Published in 1932 my best guess is that Thank Heaven Fasting is set during some point just after the First World War.  Delafield isn't specific but there is talk of a shortage of men and both carriages and cars are employed for travel.  A home in Eaton Square is full of excitement as a coming-out ball at the Ritz is only days away and there is much to be talked about between mothers and daughters.  Everything is to be perfect on that night of nights as the ultimate goal is to catch the eye of an equally perfect young man from a well-to-do family.  The sad truth is that any husband is better than none, even the aging Mr Pelham with his bulging prawn-like eyes.

Mrs Ingram, Monica's mother, practically has a full-time job on her hands with writing out invitations, having the tiara polished and a pearl necklace restrung not to mention the appointments with dressmakers.  Bond Street must have been a veritable highway with hordes of young ladies and their mothers, being driven to and fro, seeing to every detail.  The Ingrams are particular friends of the strikingly beautiful Lady Marlowe from Belgrave Square whose daughters, Frederica and Cecily, apparently lack her beauty, grace and charm.  It gets worse...'Both were intensely conscious of their height, and stooped partly from the wish to minimize it, partly from sheer lack of vitality.  They gave limp and chilly hands to the greeting clasp of the visitor, and withdrew from the contact quickly, obscurely disliking it.'

Despite the litany of horror stories about what can happen to a young lady's reputation  due to dalliances with inappropriate men, Monica falls for the dashing, Christopher Lane (well of course she does!).  A state of secrecy and delicately worded half-truths become Mrs Ingram's new occupation as Monica becomes part of a dreaded group.  Those young ladies who are 'unattractive' to men.  Will her reputation ever be restored or will she end up a spinster watching life go by from behind the veil of net curtains?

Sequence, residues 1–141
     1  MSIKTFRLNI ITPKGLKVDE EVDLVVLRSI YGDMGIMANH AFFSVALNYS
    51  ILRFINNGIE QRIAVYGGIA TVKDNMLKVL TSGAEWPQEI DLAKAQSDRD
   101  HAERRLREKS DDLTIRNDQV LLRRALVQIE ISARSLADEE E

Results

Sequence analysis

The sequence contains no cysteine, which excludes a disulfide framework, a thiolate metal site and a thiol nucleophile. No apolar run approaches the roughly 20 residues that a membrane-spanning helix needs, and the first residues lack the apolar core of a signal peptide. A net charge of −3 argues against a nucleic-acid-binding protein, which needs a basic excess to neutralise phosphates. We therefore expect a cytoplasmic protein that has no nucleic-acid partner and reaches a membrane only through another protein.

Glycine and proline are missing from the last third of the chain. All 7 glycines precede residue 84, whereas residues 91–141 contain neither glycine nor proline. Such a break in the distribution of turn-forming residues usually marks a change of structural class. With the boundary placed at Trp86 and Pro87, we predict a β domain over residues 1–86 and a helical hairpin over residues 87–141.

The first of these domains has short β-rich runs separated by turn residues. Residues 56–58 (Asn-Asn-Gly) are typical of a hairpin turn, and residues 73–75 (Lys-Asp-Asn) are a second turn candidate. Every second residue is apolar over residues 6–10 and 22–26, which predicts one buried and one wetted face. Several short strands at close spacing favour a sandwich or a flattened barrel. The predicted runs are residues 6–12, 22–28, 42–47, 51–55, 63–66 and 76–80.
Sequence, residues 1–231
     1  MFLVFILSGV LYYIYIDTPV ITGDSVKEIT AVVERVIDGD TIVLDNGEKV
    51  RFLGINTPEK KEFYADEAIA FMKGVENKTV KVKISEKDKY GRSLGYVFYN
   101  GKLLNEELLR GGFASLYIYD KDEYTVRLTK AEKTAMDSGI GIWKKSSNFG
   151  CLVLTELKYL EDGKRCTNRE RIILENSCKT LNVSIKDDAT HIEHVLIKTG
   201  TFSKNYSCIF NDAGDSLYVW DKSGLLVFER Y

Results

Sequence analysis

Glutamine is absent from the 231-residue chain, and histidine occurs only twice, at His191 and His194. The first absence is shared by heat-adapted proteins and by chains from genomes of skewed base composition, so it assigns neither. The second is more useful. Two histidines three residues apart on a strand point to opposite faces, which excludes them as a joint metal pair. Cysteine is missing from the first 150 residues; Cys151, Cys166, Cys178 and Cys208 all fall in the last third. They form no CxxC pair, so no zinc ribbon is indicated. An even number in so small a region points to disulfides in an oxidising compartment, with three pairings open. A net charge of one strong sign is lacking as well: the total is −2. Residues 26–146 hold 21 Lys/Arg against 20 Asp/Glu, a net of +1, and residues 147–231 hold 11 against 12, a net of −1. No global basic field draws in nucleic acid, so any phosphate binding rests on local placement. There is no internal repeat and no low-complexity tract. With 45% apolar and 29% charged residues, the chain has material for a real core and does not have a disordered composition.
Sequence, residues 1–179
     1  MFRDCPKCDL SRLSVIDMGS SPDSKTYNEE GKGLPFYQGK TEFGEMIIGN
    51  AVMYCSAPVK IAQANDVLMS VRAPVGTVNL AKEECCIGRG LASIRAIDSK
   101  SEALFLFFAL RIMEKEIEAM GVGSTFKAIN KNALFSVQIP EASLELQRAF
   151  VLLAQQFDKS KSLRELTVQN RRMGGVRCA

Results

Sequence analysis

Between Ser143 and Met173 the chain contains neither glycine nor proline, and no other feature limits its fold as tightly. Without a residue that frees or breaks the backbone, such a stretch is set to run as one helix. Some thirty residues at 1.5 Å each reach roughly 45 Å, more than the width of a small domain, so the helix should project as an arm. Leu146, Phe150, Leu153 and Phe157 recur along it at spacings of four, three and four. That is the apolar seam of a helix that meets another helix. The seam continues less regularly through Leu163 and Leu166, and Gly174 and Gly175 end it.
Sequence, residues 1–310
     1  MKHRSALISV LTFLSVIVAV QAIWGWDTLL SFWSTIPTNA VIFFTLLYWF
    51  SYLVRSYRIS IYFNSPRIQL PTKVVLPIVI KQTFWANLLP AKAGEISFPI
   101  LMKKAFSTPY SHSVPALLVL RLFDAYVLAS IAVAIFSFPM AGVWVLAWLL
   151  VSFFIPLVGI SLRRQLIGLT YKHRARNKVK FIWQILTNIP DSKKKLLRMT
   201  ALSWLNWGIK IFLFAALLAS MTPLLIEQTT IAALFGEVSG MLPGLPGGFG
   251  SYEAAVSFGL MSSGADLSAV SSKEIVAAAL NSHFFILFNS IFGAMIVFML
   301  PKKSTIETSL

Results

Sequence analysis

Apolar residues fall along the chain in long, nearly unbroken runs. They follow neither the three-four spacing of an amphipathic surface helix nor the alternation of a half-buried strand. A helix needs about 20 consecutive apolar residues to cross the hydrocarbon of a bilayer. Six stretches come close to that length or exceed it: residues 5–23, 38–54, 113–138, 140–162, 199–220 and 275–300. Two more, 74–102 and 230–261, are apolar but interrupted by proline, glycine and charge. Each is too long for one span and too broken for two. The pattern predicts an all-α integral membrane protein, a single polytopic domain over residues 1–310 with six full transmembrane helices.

I loved this book and Delafield's writing is a treat to behold.  Her wit and turn of phrase are a joy but she also addresses the dark side of a rigid society that treats women as mere chattel passing from father to husband.  It is pointed out that a young lady's inability to secure a good marriage is seen as not only her failure but her mother's as well.  On balance I wonder if there are as many stories about a father's fear of failure if his son neglects to increase the value of the family business or marry well; George Grossmith's Charles Pooter and Lupin from The Diary of a Nobody springs to mind as one possible example.

The last sentence of Thank Heaven Fasting took me by surprise; its tone sadder than anything else in the book but oh so understandable.  E. M. Delafield delivers yet again.